When you explore the site, be sure to check out the essays at the beginning of each theme that provide historical context and talk about some of the items in that section. These include, for example, two letters from April and September 1862 from Mary Jones, a soldier’s widow who was desperate for help to support herself and her children. You can also hear from Sarah Neece, the wife of a Confederate soldier, as she protested Confederates who seized her horse for military needs. Check out, too, telegrams like this one from Nov. 1863 that indicate how CWRGM will let us explore military campaigns as they unfolded in the state. You can view W. T. Rowland’s letter here, too, along with a telegram from Confederate President Jefferson Davis discussing the Union recruitment of African-American volunteers in Mississippi in 1863, both of which speak to that issue of determined Unionist support in the state. If you’re an educator or interested in using these resources in a learning environment, you’ll want to explore the lesson plans crafted by talented Mississippi educators to help teachers utilize these sources in secondary classrooms.

Coming in June 2021, we’ll launch our official home for the project with the release of the first 4,000 documents, which is almost all of Gov. John J. Pettus’s Letters and Correspondence (1859-1863). These will include digitized images of the original records, with metadata, full transcriptions, and annotations. Site users will be able to search for key events by date or date range, for any place name or individual’s name, to click on terms that will connect them to related documents at the site, and to browse the collection by box and folder arrangement (simulating research in the archives, including the availability of finding aids). If you follow CWRGM on Facebook and Twitter, you can receive word of this launch and our ongoing efforts (including our podcast coming in Spring 2021).

Dr. Susannah J. Ural is Professor of History and co-director of the Dale Center for the Study of War & Society as the University of Southern Mississippi. She is the author of The Harp and the Eagle: Irish-American Volunteers and the Union Army, 1861-1865, Don’t Hurry Me Down To Hades: The Civil War in the Words of Those Who Lived it, and Hood’s Texas Brigade: The Soldiers and Families of the Confederacy’s Most Celebrated Unit, as well as the edited collection Civil War Citizens. Ural is writes numerous articles, editorials, blog posts, and columns that share cutting-edge historical ideas and research with scholars, educators, and the public. Ural has taught university students about the U.S. Civil War era, U.S. military history, and American history in general for nearly 25 years, and also educates the public through televised talks on C-Span, educational podcasts, and presentations to community groups. Her latest project involves her role as director of the Civil War & Reconstruction Governors of Mississippi Project (CWRGM).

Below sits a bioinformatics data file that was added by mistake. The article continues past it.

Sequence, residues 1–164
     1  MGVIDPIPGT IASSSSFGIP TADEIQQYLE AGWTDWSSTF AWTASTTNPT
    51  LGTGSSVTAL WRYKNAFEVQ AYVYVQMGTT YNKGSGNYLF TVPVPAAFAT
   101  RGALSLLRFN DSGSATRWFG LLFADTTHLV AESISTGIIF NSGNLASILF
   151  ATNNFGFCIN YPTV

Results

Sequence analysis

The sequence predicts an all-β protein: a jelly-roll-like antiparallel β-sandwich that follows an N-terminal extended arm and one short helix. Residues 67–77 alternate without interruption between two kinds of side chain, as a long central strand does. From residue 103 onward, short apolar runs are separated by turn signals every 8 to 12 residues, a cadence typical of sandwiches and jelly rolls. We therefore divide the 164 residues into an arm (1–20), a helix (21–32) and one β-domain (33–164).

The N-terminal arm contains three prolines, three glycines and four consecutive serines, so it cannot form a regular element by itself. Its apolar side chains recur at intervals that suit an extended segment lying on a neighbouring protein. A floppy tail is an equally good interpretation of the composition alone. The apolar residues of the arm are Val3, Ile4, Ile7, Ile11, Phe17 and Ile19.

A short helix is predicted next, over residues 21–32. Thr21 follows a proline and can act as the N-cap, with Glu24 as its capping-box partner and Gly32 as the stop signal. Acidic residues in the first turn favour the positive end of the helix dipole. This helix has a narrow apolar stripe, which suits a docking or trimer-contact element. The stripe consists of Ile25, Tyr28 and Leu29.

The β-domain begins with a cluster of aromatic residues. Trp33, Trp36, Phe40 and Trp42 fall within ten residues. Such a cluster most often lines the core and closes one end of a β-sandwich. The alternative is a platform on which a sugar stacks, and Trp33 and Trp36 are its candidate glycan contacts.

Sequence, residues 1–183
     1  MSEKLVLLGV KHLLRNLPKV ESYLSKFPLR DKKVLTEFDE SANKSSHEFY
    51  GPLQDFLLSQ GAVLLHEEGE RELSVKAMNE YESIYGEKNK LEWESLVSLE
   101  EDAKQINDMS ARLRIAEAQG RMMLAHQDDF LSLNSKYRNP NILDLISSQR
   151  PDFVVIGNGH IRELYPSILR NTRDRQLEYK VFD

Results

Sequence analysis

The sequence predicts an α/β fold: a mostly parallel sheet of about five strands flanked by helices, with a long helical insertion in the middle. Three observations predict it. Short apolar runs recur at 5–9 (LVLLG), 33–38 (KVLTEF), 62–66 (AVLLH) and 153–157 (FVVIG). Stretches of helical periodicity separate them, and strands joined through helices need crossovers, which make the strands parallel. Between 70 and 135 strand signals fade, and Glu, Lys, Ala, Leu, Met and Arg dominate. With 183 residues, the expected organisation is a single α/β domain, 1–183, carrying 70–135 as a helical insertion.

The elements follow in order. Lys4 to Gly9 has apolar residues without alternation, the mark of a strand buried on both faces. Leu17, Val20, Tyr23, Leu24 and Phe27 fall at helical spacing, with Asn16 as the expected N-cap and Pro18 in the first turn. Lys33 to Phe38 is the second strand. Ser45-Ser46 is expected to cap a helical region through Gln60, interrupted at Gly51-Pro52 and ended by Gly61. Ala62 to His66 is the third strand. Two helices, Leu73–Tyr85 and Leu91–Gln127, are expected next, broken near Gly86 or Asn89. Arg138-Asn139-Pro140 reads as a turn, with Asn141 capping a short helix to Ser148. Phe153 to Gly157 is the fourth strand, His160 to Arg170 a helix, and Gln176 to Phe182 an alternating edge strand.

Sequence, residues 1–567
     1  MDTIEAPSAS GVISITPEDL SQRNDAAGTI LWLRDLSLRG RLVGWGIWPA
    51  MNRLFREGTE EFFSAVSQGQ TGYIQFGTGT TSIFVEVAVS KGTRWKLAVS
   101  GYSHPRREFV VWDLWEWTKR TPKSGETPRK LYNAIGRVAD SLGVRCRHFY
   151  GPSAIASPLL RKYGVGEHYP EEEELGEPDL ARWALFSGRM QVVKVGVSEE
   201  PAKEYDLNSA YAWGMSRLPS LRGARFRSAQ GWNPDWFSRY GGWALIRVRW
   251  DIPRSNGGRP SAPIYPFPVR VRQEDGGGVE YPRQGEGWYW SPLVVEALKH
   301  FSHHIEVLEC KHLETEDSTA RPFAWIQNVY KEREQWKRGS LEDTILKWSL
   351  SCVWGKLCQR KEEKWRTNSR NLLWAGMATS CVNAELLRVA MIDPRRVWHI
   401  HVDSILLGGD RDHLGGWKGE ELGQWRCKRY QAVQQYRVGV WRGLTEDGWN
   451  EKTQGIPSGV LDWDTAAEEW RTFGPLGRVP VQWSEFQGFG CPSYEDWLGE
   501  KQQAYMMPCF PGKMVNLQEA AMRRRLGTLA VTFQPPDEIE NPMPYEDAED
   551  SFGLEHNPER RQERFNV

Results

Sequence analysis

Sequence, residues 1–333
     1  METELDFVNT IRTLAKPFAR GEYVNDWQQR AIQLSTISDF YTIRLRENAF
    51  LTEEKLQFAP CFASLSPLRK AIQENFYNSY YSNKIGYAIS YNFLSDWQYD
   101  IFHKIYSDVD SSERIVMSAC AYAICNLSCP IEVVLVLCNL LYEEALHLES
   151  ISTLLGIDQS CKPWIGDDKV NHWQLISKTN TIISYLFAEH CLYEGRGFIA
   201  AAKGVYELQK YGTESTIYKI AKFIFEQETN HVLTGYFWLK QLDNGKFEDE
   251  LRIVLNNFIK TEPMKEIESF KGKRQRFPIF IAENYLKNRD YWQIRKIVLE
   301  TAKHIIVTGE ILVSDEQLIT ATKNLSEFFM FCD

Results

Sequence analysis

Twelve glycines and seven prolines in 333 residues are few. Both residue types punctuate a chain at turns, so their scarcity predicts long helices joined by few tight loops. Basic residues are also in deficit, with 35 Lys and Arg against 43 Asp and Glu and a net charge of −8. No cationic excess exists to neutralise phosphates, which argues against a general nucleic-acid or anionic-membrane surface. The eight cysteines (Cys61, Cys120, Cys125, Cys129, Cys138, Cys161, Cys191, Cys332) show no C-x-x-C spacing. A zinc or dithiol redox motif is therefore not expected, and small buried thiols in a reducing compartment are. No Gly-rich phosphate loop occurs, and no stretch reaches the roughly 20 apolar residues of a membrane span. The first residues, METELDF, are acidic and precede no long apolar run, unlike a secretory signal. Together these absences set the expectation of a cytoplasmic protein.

Posted in African American soldiers, Black veterans, U.S. Civil War, Union Army, veterans, war and society | Tagged , , , , , , | Leave a comment

The Real Threats of Spanish Flu & Covid-19

By Sarah Savage Hanney, Alumna, The University of Southern Mississippi

Has the Public Remembered Lessons from Past Pandemics?

Historically, the movement of people has always spread disease. We are taught as children about the Black Death that killed a one third of Europe’s population. Those initial introductions to the devastating impacts of epidemics leave lasting impressions upon us into our adulthoods. However, to what extent have the lessons from past pandemics remained in our public psyche?